sensory.jpg - The sense of it

As technology puts distance between us and the real world, consumers increasingly value getting up close and personal with products and experiences

Wine is a product that requires quite a lot of intimacy. We like to pick up the bottle, run our fingers over the label, hear the cork pop out and the glug of liquid into the glass. We admire the colour, breathe in the aromas, and savour the taste. All five senses are engaged.

As our lives become more digitised and more sedentary, we’ve grown to appreciate “authentic” experiences like this a little more. For some, the antidote to a week in an air-conditioned office staring at a screen is the high-octane challenge of scuba diving, hang gliding or mountain biking. For others, a visit to a bistro or wine merchant might provide all the sensory thrills that the week has lacked.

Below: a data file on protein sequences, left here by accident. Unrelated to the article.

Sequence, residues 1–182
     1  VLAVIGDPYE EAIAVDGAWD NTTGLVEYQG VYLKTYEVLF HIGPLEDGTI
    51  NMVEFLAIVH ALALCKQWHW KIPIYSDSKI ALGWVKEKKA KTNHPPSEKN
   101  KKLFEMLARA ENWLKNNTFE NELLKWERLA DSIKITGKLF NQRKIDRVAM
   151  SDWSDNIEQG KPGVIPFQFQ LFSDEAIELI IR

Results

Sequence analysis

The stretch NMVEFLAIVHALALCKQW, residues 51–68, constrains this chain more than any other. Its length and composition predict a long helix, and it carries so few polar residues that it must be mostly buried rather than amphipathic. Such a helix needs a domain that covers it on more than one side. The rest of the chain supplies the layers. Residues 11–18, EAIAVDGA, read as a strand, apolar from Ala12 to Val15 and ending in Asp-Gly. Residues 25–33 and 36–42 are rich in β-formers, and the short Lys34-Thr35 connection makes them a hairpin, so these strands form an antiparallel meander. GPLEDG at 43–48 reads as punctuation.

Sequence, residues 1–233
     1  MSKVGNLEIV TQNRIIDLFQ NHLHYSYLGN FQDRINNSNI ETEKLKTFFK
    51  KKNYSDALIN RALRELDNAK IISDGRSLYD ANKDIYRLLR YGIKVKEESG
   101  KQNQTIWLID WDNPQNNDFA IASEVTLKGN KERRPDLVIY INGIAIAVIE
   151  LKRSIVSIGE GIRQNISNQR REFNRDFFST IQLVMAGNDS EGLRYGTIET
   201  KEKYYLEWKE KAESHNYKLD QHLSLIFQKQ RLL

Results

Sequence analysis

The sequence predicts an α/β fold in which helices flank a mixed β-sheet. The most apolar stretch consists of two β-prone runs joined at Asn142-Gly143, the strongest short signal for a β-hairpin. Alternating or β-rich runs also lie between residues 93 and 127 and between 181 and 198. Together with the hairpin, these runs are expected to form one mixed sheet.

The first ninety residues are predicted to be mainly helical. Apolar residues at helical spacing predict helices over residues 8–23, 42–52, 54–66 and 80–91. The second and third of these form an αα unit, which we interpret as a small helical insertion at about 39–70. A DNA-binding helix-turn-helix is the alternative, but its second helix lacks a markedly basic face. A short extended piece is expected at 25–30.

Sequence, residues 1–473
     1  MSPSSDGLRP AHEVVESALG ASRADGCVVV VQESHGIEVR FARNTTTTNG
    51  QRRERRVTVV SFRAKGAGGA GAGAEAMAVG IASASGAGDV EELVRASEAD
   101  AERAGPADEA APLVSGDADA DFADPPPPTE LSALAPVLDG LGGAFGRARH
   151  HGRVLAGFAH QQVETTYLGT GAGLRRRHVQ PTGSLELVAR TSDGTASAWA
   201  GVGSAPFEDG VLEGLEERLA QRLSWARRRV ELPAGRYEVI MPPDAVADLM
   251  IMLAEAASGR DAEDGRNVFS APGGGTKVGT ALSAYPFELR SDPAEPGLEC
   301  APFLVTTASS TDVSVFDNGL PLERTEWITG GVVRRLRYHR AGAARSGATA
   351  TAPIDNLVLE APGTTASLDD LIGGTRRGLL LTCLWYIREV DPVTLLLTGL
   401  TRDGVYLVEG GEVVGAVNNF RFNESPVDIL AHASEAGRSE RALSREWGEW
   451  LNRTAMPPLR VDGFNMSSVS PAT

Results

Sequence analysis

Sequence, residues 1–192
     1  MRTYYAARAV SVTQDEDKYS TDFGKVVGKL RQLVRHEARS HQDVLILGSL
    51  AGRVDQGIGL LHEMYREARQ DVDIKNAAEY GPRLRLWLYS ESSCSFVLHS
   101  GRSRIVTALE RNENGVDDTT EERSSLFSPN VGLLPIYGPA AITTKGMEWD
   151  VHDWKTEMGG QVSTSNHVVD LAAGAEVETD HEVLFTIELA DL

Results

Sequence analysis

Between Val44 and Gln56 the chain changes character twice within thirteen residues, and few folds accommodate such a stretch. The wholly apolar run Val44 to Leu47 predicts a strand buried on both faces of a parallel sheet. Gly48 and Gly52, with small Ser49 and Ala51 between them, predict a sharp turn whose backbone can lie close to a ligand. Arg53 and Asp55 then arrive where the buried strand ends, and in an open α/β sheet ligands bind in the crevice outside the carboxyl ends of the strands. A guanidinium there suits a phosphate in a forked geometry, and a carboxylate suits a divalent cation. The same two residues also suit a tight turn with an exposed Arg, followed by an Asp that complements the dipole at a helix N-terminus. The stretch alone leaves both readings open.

This Sensory trend is outlined further in our Global Consumer Trends Report 2015. It partly explains why attendances at football matches are soaring, despite the ubiquity of televised games, and why live music is so popular at a time when downloads are so cheap and convenient.

It may also explain why the internet hasn’t achieved the stranglehold on wine sales that some experts thought it might have done by now. Of course, the web has made wine more accessible to consumers in remote areas, and to those in search of hard-to-find products. But while you can watch cinematic videos of vineyards and read endless tasting notes online, you can be left with a sense of frustration that you can’t go further.

No wonder independent wine shops are booming, tasting events are oversubscribed, and wine tourism is in the ascendancy. It makes perfect sense.

Author: Graham Holter